Mario Pescante, Former President of the Italian Oltympic Committee and IOC member, follows speaking about the young generation and their “anti” attitude by default, implying that might be even against meetings promoting peace and international cooperation. However, he says, this is a small group. The modern society has therefore a total lack of values and it’s not that the values lost significance but they dropped significantly in importance. The IOC needs to convince those in charge with education that sport can give youth positive ideas, that sport as much as Olympism represent one great experience that provides a positive living (the right living) model. Sport, he says, teaches great lessons about how to handle both the glory of winning and the pain of loosing. Furthermore, sports teaches that there are no limits but only adversaries. It teaches people to work towards a common good rather than supporting individualism – what about athletism where each sportsman competes for his own gain? His speech finished by calling on the power of Olympism and their power to inspire as well as on a higher involvement of everyone in promoting such ideals and making the world a global village, as peaceful and great as the Olympic village.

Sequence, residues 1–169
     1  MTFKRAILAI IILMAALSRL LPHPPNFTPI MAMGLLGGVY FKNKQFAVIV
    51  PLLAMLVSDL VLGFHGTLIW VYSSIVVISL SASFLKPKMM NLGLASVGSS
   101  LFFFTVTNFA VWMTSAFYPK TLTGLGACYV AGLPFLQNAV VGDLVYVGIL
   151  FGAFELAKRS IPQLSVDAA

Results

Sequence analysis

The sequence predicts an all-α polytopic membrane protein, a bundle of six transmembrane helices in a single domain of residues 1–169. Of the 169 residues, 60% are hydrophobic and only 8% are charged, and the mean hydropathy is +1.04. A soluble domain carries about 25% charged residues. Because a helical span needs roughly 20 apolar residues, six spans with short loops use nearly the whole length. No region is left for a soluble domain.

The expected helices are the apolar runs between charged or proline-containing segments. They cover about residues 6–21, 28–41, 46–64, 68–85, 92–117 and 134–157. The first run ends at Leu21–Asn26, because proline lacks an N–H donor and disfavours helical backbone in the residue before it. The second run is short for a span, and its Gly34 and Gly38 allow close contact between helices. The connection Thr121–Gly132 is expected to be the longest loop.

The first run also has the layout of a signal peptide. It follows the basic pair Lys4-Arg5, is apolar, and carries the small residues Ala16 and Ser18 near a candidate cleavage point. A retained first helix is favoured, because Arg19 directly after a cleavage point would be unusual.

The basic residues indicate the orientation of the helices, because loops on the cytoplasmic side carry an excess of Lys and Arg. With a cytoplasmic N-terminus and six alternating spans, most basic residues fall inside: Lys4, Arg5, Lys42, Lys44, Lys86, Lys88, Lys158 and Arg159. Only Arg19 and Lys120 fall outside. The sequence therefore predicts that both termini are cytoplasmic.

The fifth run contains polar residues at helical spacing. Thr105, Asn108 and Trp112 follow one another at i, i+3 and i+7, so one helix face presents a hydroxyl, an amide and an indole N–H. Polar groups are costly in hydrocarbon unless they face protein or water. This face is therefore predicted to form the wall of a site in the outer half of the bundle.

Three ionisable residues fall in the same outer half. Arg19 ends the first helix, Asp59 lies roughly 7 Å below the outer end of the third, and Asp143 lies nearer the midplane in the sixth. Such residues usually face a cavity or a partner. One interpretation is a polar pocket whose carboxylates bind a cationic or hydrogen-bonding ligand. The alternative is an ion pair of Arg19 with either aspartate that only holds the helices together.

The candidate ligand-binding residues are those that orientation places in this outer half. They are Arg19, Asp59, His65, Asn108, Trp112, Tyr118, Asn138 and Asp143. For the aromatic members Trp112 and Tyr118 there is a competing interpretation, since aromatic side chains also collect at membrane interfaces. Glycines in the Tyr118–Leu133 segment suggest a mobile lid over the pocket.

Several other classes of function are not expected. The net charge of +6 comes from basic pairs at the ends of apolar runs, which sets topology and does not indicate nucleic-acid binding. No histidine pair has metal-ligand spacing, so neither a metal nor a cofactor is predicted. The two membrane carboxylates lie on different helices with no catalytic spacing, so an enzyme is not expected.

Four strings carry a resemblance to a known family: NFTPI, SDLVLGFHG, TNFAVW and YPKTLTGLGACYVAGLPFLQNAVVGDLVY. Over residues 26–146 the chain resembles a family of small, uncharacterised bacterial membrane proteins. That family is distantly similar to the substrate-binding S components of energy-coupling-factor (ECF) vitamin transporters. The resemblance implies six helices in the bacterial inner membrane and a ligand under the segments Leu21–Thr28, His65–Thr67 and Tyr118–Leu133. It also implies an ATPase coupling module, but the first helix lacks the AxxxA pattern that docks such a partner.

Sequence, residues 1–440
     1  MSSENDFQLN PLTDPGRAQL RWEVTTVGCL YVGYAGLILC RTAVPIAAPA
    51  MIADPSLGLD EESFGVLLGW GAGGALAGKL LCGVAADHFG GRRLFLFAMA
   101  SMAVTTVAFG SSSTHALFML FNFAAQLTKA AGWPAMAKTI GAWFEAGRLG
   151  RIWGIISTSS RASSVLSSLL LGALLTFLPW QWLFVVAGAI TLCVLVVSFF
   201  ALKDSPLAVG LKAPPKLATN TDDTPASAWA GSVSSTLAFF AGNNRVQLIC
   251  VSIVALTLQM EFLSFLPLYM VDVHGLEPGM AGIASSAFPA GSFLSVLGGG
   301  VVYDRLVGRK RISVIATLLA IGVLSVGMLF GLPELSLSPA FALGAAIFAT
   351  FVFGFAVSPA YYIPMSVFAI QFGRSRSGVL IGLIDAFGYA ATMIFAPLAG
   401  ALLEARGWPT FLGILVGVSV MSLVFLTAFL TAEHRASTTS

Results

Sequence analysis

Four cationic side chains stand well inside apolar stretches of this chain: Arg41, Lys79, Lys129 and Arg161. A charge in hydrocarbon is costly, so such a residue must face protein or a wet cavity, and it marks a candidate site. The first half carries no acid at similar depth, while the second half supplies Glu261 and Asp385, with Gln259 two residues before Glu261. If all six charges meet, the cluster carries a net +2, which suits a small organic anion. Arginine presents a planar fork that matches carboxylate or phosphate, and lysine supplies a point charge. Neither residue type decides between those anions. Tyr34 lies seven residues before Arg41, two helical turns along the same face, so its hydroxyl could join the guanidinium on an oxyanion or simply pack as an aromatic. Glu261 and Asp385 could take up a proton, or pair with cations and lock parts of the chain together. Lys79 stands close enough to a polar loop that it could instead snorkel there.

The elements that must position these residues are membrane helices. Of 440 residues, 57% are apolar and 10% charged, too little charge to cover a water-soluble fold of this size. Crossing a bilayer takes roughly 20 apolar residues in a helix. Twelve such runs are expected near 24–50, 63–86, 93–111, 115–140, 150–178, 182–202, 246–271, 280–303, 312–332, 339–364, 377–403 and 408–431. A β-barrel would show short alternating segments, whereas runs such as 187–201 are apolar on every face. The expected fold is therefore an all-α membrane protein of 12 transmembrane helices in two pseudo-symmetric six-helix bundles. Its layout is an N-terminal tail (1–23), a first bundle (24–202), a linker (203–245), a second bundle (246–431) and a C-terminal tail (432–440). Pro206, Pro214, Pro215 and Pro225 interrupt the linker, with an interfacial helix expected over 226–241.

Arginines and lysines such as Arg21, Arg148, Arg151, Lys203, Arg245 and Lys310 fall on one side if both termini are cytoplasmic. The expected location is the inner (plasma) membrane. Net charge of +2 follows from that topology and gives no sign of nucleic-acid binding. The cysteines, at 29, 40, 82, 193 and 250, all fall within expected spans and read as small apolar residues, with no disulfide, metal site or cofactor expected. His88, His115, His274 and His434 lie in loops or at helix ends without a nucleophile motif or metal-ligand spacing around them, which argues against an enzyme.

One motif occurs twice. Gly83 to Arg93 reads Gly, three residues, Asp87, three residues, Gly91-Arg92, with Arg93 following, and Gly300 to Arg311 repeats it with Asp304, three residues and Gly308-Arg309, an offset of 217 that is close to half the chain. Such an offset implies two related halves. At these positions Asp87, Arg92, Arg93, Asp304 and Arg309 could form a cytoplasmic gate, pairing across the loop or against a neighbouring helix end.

Ser Miang Ng, IOC Member, speaks now about the Singapore Youth Olympic Games and their way of aiming to tackle societal issues of young generations by making them the better citizens of tomorrow. A cultural and education programme that includes a variety of activities, healthy-living included, was launched. Among the issues faced by youth in the world he enumerated health, leisure time, environment, youth participation in society, globalisation and infocomm technology. His take on infocomm as he call it is the threat of youth being socially alienated.